Fraser Lake Camp (Bancroft, Ontario, Canada)
Fraser Lake Camp was born in 1955 from the vision of three Mennonite pastors in Toronto, Ontario, Canada. Emerson McDowell, John H. Hess and Glen Brubacher wanted to provide rural camping experience for urban children, something they had done a few years earlier at the Chesley Lake Camp. They wanted a more primitive camping experience than Chesley Lake provided, and so made arrangements with Elvon Burkholder, a worker for the Mennonite Mission Board of Ontario, to use his farm on Fraser Lake in the Bancroft, Ontario, area.
The summer of 1955 saw one week of camp for 23 boys and one week for 30 girls in tents pitched in the Burkholder farmyard. Meals were prepared from the summer kitchen behind the house. In 1956 a dining hall-kitchen was built on the farm's lakefront. Soon the program grew to a full eight weeks each summer. By 1966 several additional buildings had been constructed, including a health center, craft shop, tuck shop, and almost a dozen cabins. A separate dining hall was built in the mid-1960s, and the original building became a larger kitchen. A new dining hall structure was built in 1988. Most of the original buildings were renovated or replaced during the 1980s.
Early leaders in establishing Fraser Lake Camp included Erle Byer, Harvey Wideman, Elvon Burkholder, Raymond Erb, James Greenwood, Emerson McDowell, Allan Smith, John Hess, Salome Snyder (Harrison), Helen Brenneman, Elmer Reesor, Carson Moyer, John Schmucker, Harvey Sider, Clare Shantz, Glen Brubacher and Albert Drudge. Salome Harrison did much of the organizational work with campers for many years.
In 1960 Fraser Lake started a second camp, Frontier Forest Camp, designed for use by troubled inner city youth. This camp closed in 1970 because of difficulty in finding qualified staff.
Fraser Lake Camp did well until the 1990s when it faltered because of a sagging economy and difficulty in staff structures. By 1997 it was near financial collapse. It was preserved through a merger with Willowgrove Farm, a 1960s initiative by Emerson McDowell that established a successful day camp (Glenbrook) in the Stouffville, Ontario area. The former board of the Fraser Lake Camp became the program committee for Fraser Lake Camp under the oversight of the Willowgrove board. The formal amalgamation took place in 1999.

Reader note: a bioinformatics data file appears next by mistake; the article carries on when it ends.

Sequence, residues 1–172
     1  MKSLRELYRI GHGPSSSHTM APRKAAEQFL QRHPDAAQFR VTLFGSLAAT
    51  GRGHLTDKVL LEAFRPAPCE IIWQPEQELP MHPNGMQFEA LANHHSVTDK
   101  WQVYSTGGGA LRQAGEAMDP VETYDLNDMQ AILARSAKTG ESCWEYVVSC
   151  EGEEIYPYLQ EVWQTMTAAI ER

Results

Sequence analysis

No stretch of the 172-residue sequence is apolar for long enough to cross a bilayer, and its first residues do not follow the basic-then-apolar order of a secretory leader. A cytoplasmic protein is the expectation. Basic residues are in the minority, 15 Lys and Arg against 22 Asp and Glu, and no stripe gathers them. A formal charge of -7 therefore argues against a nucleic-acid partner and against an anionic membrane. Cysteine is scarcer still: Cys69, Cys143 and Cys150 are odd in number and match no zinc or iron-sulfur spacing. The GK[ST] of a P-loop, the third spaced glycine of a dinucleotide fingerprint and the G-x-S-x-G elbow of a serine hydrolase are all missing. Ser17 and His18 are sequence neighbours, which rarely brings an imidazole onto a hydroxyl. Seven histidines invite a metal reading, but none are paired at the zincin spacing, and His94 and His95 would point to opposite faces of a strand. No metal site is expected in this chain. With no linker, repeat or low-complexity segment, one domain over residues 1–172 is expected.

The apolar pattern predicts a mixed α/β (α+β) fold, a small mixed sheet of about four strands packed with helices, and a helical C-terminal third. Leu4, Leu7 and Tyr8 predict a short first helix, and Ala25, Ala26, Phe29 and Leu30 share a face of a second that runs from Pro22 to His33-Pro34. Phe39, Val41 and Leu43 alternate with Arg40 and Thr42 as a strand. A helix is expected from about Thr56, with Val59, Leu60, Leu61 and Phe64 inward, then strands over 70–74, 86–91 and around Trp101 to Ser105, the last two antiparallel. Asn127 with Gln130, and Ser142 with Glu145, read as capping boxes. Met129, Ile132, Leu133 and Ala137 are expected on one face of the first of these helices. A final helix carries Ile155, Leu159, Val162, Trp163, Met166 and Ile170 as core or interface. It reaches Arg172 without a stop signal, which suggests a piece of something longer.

Since 1999 Fraser Lake Camp has continued to operate on a 270 acre site as part of the Willowgrove organization. Fraser Lake has never formally been owned by a Mennonite conference. It was owned by the Fraser Lake Camp Association until 1999, and was run by an independent board. In 2017 it had facilities to accommodate 180 persons, and operated programs from early spring through the fall.
Eby, Larry and Mary Jane Brenneman Eby, eds. In harmony with creation: seeking God's face in Mennonite camping. Elkhart, Indiana : Mennonite Camping Association, 2006: 98-99.
McDowell, Elsie. A brief history of Fraser Lake Camp, 1955-1979. Bancroft, Ont.: The Camp, 1979.
Reesor-McDowell, Allan and Joanna Reesor McDowell, eds. Memories from fifty years of camping with a purpose : Fraser Lake Camp 1955-2005. Stouffville, Ont. : Willowgrove Farm, 2005.
Address: 156 Whytes Road, RR#4, Carlow Mayo, ON K0L 1C0
|Date Published||January 2017|
Cite This Article
Steiner, Sam. "Fraser Lake Camp (Bancroft, Ontario, Canada)." Global Anabaptist Mennonite Encyclopedia Online. January 2017. Web. 15 Nov 2019. https://gameo.org/index.php?title=Fraser_Lake_Camp_(Bancroft,_Ontario,_Canada)&oldid=143202.
Steiner, Sam. (January 2017). Fraser Lake Camp (Bancroft, Ontario, Canada). Global Anabaptist Mennonite Encyclopedia Online. Retrieved 15 November 2019, from https://gameo.org/index.php?title=Fraser_Lake_Camp_(Bancroft,_Ontario,_Canada)&oldid=143202.
©1996-2019 by the Global Anabaptist Mennonite Encyclopedia Online. All rights reserved.